Life and Style’s Yasmine Kennedy expresses her disappointment towards the limited shades released for Tarte Cosmetics’ new Shape Tape foundation

Written by Yasmine Kennedy
Published
Images by Tarte Cosmetics

Following the incredible success of the Tarte Shape Tape concealer, the long-awaited sister product; the Shape Tape foundation has recently been released. It comes in both a matte and hydrating formula to accommodate for different skin types; however it seems to be missing half the shades. The marketing of the foundation on the Tarte website includes images of women with fair skin to extremely deep skin tones, implying that the foundation is inclusive and available to all. This is extremely misleading as in fact the initial release contained 14 shades and now contains a still limited 18, only 3 of which are catered to women or men of colour. From an incredibly successful beauty company with a great ethos of cruelty free products, it is shameful and upsetting for an assumption to be made that a total of 3 shades will successfully accommodate all people of colour.

The Tarte website includes images of women with fair skin to extremely deep skin tones, implying that the foundation is inclusive and available to all

Thankfully after the backlash from social media influencers, bloggers and YouTubers, Tarte did address the issue with a statement claiming that lighter shades were to be released in winter and darker shades to be released in summer. I find this a poor and confusing excuse to attempt to cover up the fact that, for this particular foundation, black people were an afterthought and not in any way a priority. There can be no logical reason to explain why lighter-skinned people have the privilege to try the foundation first.
In a time when high street brands such as L’Oreal carry the True Match foundation in 30 shades at under half the price, this is truly inexcusable. Tarte also mentioned that they like to take time and to find perfect shades with the exact undertone before they are released. In response to this, if the shade range of the foundation is not yet complete then the foundation should not have been released unfinished.

If the shade range of the foundation is not yet complete then the foundation should not have been released unfinished

And of course with the iconic release of Rihanna’s Fenty Beauty line came foundation in a staggering 40 shades, with a range of different undertones for the palest skin tones to the deepest no matter what the season. While Rihanna is of course a music artist and makeup and beauty is not where her expertise lie, however her initial release of the foundation included all 40 shades, and was not in any way unfairly staggered. This is from a startup beauty company with no previous foundation releases or experience, in comparison to Tarte, a company founded in 2000; 18 years ago, with a history of over 5 foundation releases in the past. The instant success of Fenty Beauty should stand as an inspiration and be a massive reminder to all beauty companies that women and men of all skin tones should have equal opportunities to try any new products on the market.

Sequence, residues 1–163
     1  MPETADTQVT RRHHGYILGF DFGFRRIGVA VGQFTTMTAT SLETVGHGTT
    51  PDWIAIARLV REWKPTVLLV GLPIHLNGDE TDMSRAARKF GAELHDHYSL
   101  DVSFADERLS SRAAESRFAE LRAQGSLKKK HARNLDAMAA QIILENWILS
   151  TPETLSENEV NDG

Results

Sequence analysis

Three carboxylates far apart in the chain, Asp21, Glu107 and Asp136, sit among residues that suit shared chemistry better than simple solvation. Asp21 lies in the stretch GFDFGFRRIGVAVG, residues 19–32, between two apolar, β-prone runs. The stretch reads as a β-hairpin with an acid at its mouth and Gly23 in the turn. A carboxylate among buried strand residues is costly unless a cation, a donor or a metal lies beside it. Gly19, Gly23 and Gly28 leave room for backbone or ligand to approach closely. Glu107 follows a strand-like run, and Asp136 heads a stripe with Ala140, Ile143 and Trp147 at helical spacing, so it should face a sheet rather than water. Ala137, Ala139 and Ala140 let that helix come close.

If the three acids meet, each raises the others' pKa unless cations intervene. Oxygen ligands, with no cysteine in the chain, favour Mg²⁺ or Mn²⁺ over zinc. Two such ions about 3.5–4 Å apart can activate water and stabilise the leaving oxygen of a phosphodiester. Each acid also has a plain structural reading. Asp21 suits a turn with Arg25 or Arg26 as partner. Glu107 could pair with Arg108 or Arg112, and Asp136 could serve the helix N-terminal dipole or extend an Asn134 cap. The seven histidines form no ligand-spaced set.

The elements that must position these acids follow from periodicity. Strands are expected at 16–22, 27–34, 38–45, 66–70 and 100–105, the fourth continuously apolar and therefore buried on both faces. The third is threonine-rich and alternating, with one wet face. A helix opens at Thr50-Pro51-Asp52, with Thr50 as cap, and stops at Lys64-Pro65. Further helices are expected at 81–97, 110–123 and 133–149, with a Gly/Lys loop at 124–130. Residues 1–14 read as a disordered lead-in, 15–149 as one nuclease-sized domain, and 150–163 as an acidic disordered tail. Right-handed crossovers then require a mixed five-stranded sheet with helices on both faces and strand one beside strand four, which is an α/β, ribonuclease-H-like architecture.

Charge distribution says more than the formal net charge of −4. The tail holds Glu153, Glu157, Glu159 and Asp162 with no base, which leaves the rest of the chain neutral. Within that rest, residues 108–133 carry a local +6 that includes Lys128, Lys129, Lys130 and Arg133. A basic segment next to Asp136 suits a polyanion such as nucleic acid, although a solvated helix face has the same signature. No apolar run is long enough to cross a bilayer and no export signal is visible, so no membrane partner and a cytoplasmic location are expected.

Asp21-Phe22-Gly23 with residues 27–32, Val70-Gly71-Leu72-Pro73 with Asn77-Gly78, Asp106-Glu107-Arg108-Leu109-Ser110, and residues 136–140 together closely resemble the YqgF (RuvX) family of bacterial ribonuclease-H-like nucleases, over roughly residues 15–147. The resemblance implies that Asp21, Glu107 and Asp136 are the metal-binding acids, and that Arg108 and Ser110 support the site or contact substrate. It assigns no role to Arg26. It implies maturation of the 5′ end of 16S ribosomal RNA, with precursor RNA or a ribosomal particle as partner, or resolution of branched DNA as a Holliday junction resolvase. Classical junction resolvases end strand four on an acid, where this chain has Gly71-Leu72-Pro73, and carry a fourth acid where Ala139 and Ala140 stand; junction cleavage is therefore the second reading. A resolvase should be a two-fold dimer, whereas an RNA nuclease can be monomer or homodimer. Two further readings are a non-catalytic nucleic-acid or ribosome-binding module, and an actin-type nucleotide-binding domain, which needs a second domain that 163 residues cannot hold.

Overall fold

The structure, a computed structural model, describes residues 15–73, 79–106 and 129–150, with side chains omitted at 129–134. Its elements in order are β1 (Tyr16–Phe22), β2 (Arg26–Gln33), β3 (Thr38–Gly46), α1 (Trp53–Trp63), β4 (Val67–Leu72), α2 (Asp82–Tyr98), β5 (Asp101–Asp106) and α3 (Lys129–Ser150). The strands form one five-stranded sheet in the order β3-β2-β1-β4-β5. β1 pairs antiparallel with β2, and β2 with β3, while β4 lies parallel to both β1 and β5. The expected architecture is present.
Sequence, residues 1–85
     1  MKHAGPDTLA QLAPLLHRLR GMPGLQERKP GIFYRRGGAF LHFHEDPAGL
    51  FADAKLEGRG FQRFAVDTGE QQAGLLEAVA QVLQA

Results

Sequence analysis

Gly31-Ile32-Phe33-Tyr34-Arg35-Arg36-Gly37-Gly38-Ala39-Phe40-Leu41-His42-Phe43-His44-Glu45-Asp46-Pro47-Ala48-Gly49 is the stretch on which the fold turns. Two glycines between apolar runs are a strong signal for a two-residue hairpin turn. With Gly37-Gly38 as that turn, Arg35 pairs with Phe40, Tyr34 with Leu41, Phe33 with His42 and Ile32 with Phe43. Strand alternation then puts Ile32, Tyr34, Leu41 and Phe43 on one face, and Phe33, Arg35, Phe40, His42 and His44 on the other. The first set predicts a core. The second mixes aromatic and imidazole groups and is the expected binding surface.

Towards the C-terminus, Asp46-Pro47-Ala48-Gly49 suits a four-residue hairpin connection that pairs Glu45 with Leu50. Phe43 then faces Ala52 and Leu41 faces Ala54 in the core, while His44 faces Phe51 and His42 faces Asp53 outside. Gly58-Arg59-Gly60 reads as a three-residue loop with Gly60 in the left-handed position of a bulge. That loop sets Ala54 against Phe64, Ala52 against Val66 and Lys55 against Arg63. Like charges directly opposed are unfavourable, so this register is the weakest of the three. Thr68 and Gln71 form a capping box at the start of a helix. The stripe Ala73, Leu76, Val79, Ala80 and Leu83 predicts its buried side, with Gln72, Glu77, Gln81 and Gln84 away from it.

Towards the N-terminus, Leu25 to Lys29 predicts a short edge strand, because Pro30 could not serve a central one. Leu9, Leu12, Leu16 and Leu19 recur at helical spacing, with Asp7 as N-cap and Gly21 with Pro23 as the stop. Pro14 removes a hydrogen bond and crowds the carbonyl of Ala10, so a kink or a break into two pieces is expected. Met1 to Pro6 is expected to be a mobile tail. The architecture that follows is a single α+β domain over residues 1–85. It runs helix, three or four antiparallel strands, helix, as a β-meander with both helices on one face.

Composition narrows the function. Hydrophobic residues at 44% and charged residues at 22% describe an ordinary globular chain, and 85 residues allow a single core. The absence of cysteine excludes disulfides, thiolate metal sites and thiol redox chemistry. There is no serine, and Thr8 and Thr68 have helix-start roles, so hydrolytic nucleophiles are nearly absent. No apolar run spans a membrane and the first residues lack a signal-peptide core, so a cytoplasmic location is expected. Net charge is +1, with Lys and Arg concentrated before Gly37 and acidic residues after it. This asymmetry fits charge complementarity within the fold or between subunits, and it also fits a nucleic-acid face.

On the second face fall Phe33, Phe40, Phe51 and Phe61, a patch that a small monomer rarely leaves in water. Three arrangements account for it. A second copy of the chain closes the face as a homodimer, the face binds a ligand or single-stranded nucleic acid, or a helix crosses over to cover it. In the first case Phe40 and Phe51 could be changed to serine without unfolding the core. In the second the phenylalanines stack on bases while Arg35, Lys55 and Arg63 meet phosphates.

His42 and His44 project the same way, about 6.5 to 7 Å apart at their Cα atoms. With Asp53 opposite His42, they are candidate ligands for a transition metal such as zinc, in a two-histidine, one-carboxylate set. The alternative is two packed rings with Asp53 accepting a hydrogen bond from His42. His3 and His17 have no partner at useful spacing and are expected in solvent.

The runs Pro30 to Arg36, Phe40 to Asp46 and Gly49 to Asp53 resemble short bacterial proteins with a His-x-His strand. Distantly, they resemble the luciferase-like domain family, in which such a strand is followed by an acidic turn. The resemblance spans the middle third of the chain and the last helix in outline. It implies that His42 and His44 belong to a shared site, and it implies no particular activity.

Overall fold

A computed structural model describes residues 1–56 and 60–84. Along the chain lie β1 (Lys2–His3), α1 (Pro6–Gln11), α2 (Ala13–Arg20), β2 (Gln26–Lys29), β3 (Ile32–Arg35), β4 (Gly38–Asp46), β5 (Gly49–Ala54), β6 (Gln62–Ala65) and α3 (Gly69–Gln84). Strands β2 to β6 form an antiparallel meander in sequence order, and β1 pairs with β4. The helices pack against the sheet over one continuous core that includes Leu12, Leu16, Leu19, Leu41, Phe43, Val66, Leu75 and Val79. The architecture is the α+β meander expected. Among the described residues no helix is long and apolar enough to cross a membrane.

It is extremely hard to understand the logic of beauty companies clearly excluding men and women of colour in their foundation releases. African American women spend an average of $7.5 billion each year on beauty products, so the demand and the business is there. Social media is arguably the most useful resource for companies to utilize to advertise their products. Black influencers like Patricia Bright, Jackie Aina, Nyma Tang with a combined following of over 5 million, have actually positively reviewed the formula of the foundation even though there is no shade that perfectly matches any of them. But they have explicitly advised followers to not buy the product to take a stand against the lack of inclusivity. This is detrimental for Tarte’s sales, and will be especially noticeable after the tremendous success of the concealer which is currently the number one concealer in America.

It is extremely hard to understand the logic of beauty companies clearly excluding men and women of colour in their foundation releases

It is empowering to see the disapproval of the release and should encourage an overdue and necessary step forward in the industry for all foundations to include diverse shades and to no longer alienate certain skin tones. Such a complete erasure of multiple races is offensive, and this mistake needs to be corrected and ensured to not be repeated by Tarte or any other beauty company in the future. It is crucial and essential for all women and men to be represented in every release, every time.

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